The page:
Lord’s Varsity matches under scrutiny in gender equality row


Pressure on Oxford and Cambridge to agree to T20 double-header or lose historic fixture

Marylebone Cricket Club has been asked to “step in” to find an “equitable solution” to a disagreement about gender parity in university cricket.

While the men’s Varsity Match – the game between Oxford and Cambridge universities – has been played on the main square at Lord’s for nearly 200 years, the women’s match has never progressed beyond the Nursery Ground. For many years, including 2021, it has not even made it that far.

Now a former Oxford University captain has written to key figures at MCC and requested they intervene to correct the situation.

Vanessa Picker, who was captain between 2017-20 and has founded the #StumpOutSexism campaign, contacted the MCC CEO, President and President-elect (Guy Lavender, Kumar Sangakkara and Clare Connor respectively) suggesting that “denying the women’s Blues access to Lord’s, while allowing our male counterparts to maintain exclusive access, reinforces damaging narratives about the inferiority of female cricketers.”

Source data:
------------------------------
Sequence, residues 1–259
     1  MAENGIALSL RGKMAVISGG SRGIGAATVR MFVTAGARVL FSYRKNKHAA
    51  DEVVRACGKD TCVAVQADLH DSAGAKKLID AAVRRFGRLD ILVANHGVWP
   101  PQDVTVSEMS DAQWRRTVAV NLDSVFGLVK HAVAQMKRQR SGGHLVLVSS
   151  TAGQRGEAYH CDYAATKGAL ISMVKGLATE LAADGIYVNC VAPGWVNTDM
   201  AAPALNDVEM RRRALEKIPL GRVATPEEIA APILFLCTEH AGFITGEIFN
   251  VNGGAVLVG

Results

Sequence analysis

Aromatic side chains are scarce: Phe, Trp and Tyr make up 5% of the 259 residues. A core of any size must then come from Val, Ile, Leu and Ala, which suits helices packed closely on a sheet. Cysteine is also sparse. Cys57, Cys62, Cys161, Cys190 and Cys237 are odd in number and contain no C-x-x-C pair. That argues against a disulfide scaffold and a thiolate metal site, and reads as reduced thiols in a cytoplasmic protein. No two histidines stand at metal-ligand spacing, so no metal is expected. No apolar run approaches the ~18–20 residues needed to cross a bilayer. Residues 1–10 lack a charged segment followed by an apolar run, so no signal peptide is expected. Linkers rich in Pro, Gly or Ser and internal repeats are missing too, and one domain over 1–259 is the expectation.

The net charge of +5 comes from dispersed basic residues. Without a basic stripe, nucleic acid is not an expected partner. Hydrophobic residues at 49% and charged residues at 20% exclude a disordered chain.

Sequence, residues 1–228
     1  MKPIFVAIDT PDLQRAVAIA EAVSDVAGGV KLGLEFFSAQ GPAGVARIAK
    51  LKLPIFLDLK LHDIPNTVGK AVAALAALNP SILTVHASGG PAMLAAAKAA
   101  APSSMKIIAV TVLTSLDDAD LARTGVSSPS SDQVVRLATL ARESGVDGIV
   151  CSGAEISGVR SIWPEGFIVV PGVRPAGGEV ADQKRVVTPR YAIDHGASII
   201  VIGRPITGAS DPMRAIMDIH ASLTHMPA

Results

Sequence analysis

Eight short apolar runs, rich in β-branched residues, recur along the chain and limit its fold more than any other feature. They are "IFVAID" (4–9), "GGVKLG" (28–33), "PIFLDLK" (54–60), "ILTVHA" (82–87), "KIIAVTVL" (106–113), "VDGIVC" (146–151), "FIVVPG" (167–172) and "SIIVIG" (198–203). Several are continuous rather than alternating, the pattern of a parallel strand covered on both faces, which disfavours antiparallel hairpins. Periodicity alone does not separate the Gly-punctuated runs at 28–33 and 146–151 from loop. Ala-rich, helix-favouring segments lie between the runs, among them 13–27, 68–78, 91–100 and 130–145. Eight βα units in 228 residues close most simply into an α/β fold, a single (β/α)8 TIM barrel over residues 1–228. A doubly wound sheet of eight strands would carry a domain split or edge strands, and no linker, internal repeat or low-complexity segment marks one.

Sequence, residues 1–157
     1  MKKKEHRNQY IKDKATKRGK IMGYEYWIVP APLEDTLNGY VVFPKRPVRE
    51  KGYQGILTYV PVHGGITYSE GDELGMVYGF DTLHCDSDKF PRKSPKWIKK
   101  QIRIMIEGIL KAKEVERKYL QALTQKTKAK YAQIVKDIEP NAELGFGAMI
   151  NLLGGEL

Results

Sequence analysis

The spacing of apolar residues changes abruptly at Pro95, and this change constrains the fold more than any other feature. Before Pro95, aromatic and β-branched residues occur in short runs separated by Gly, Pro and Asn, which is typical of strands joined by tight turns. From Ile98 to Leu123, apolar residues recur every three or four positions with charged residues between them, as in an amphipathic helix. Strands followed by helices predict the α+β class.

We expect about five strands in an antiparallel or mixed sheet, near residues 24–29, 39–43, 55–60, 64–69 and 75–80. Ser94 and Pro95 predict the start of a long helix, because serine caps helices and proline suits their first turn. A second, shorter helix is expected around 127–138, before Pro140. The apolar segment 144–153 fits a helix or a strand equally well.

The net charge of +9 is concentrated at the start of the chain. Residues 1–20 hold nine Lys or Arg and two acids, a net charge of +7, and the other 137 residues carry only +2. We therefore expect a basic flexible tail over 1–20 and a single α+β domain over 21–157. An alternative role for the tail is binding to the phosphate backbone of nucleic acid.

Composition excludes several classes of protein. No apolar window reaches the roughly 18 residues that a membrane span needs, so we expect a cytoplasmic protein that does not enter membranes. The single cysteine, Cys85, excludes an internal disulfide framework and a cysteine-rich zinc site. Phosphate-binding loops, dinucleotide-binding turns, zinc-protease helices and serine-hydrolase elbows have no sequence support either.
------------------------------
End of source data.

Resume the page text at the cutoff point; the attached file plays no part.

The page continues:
She went on to say: “In 2021, I strongly believe that the universities and the MCC should be taking steps to support men and women equally.”

Picker’s campaign actually stems back two-and-a-half years. But despite making numerous requests to the authorities at Oxford and Cambridge, correspondence seen by ESPNcricinfo shows that she has struggled to obtain the equal standards for which she has been aiming. For that reason, she has asked MCC to intervene to help persuade the universities to treat the men’s and women’s games equally.

While Lavender has declined the request for 2021 – he only received it on May 12 and the Varsity match is scheduled for May 23 – he did say MCC would be “very happy to accommodate a men’s and women’s T20 double header on the same day next year.”

Lavender pointed out that MCC were using the match on May 23 as a “test event” in a bid to approve a license ahead of the New Zealand Test at the start of June, and suggested the dispute was “primarily a matter for [the] respective universities”.